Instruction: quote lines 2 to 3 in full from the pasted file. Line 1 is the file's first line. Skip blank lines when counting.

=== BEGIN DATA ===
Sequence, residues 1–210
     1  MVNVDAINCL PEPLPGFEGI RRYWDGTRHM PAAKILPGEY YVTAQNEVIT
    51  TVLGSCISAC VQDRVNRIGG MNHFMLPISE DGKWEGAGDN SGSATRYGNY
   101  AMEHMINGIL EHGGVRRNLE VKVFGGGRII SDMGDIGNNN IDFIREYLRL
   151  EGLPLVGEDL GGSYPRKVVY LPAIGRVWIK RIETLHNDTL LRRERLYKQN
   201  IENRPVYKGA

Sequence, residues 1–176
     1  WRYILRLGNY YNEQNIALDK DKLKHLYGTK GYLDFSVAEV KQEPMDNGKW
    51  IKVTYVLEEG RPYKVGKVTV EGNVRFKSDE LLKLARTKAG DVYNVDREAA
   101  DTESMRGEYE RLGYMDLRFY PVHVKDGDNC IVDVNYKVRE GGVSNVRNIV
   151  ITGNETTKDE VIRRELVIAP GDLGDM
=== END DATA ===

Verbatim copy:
     1  MVNVDAINCL PEPLPGFEGI RRYWDGTRHM PAAKILPGEY YVTAQNEVIT
    51  TVLGSCISAC VQDRVNRIGG MNHFMLPISE DGKWEGAGDN SGSATRYGNY